World leaders meeting at the G-20 summit in Germany have agreed on almost every aspect of the joint communique, where in a victory for Merkel they vowed to fight protectionism and secure fair trade seeking to defuse President Donald Trump’s threats of unilateral measures the WSJ reported; they have so far failed, however, on a compromise position in the section on climate where the United States is pushing for a reference to fossil fuels, European Union officials said according to Reuters.
In the end it was "all against Trump": as the WSJ puts it, "securing Mr. Trump’s support for the G-20 communiqué, to be released later Saturday, as the president threatens to undermine the international order with his “America First” policies, is emerging as a rallying cry as the two-day gathering in Germany draws to a close."
For the head of the global diplomatic "resistance" against Trump and the so-called new "leader of the free world" Angela Merkel, the summit was an opportunity to show off her diplomatic skills ahead of a federal election in September, when she is seeking a fourth term in office. She treated the leaders to a concert at Hamburg's Elbphilharmonie on Friday night, where they listened to Beethoven while their aides began their all night slog to work out a consensus on trade that had eluded the leaders.
The communique comes after weeks of fears that Merkel, this year’s G20 president, might fail to achieve an agreement in the face of the disputes generated by Donald Trump by his criticisms of free trade and international cooperation and, especially, his decision to pull out of the Paris climate change accord, which the other 19 G-20 states support.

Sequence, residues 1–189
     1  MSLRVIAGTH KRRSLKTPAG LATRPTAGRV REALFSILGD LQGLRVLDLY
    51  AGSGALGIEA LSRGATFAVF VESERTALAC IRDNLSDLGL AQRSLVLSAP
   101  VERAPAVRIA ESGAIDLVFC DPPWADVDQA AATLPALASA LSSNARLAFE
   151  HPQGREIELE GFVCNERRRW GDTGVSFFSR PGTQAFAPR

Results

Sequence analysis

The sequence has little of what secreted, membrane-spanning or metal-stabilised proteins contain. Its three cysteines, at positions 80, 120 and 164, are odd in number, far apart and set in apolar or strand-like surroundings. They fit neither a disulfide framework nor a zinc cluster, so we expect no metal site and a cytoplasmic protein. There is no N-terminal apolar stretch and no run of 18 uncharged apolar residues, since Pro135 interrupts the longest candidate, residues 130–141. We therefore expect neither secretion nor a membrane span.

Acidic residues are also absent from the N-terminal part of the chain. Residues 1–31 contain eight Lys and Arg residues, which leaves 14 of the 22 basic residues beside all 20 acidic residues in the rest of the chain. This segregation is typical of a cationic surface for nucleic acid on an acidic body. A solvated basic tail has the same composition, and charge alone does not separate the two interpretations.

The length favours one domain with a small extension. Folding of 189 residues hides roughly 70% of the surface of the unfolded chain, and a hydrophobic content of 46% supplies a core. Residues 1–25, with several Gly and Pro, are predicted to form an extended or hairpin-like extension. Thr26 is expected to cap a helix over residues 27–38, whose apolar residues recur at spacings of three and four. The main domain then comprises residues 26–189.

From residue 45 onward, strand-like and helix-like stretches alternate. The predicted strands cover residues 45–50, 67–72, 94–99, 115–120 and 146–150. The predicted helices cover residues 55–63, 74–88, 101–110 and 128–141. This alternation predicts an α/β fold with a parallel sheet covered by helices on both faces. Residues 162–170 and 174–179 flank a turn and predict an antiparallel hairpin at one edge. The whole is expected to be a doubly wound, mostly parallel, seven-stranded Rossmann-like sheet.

The consensus statement was drafted after "marathon meetings" resulted in compromises on deploying defensive measures for balanced trade and a recognition of the U.S.’s split from the other G-20 members on climate change. The officials said aides had worked until 2 a.m. to finalize the G-20 communique, overcoming differences on trade after U.S. officials agreed to language on fighting protectionism.
The G-20 agreement also follows days of continuous effort trying to reconcile disputes between the US and other nations while also taking account of the German Chancellor’s pledge to make clear important differences. According to the FT, the result will allow Merkel to claim a success even though the meeting has been overshadowed by violent anti-G20 demonstrations in Hamburg, and where the spotlight was on the first meeting between Trump and Putin.
Another official from a European delegation said the talks had shown that a new international consensus on economic issues could be slowly rebuilt despite the challenges thrown by Mr. Trump’s election.
“All things considered, my impression is that we’re getting back in small steps in many areas to a greater degree of business as usual,” the official said. The U.S. wasn’t alone in having different views on trade, the official added, pointing at the consensus on securing a level playing field as a common stance forged at the summit.
According to the FT, Berlin is also highlighting the opportunities given for bilateral meetings among world leaders, including the first face-to-face encounter between Mr Trump and Russian president Vladimir Putin, which the two men described as “constructive”.